The U.S. Open threw the closest thing to a farewell celebration that Serena Williams would allow for her opening-round match Monday night. But if a party was all that the 23-time Grand Slam singles champion wanted, she could have thrown herself one and skipped all those hours of sweat on the hard courts back home in Florida.
Williams did not come to New York simply for a ceremonial send-off, to listen to another series of elegies about how she has changed this sport and so much else, how she has broken down barriers and paved the way for the next generation of Black tennis stars and female athletes, and the one after that, too. She knew all of that, better than anyone.
There is another legacy that Williams possesses as much as all the others — as one of the world’s great competitors. And she came to New York to compete in a Grand Slam tournament, seemingly her final one, to once more put her best on the line against the finest players in the world on the sport’s biggest stage.
She got that and more on Wednesday night as she won, 7-6(4) 2-6, 6-2, outlasting Anett Kontaveit of Estonia, the world’s second-ranked player, an opponent who, like Williams, loves nothing more than blasting tennis balls as she tries to overwhelm whomever is standing on the other side of the net.
If that first appearance two nights earlier was about posterity and sweet send-offs, about a former U.S. president and music and movie stars coming out to see and be seen, round two was about doing everything possible to win a tennis match in front of a whole new gallery of boldface names, like Tiger Woods, who sat in Williams’s box, and Zendaya, and some 23,000 other very partial observers at Arthur Ashe Stadium.
“There’s still a little left in me,” she said on the court when it was done.
“I love a challenge, I love rising to the challenge.”
Williams will face unseeded Ajla Tomljanovic in the third round on Friday.
No matter who prevailed, this was never going to be a match with much subtlety. It was a showdown between two players who, when they are on, are among the best ball-strikers in the world, and two players at the opposite ends of the sport.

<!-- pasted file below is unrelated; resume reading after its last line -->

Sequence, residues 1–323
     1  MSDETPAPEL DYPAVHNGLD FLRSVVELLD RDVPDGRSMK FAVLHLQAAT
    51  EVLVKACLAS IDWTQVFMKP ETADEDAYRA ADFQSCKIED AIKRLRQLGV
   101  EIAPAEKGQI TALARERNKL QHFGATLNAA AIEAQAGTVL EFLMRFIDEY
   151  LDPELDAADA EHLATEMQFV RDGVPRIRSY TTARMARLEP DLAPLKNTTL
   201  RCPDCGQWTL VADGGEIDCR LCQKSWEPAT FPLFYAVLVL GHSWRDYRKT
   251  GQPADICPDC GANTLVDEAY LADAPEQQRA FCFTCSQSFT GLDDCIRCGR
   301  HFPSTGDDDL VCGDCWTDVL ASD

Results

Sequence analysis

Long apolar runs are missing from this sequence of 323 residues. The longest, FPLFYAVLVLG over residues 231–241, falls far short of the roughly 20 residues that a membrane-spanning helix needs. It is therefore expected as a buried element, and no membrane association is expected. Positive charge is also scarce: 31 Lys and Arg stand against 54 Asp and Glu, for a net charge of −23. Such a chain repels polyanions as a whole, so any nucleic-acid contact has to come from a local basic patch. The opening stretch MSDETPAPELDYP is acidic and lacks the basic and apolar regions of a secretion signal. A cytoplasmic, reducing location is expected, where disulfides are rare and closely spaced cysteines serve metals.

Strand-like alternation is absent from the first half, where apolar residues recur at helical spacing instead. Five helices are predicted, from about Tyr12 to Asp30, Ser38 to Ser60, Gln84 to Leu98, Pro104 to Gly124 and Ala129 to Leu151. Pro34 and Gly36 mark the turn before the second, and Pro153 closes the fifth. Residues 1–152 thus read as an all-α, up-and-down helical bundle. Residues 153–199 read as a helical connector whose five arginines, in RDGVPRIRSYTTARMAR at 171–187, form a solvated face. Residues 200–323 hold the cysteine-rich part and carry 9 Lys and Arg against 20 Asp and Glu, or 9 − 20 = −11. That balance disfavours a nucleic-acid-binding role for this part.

In front of another capacity crowd, one of them, (assuming she keeps her word), was playing to extend the greatest career in modern tennis, and to show her daughter, Olympia just what she is capable of. Olympia was turning 5 on Thursday and showed up to this tournament in the iconic beads her mother wore the first time she began to rule this sport on this same stage.
The other was attempting to get one thing that every young player wants — the chance to tell her grandchildren that on a magical night in the biggest stadium in the sport, she beat the greatest player of all time.
Serena Williams’s Farewell to Tennis
The U.S. Open could be the tennis star’s last professional tournament after a long career of breaking boundaries and obliterating expectations.
- Decades of Greatness: Over 27 years, Serena Williams dominated generation after generation of opponents and changed the way women’s tennis is played, winning 23 Grand Slam singles titles and cementing her reputation as the queen of comebacks.
- Is She the GOAT?: Proclaiming Williams the greatest women’s tennis player of all time is not a straightforward debate, our columnist writes.
- An Enduring Influence: From former and current players’ memories of a young Williams to the new fans she drew to tennis, Williams has left a lasting impression.
- Her Fashion: Since she turned professional in 1995, Williams has used her clothes as a statement of self and a weapon of change.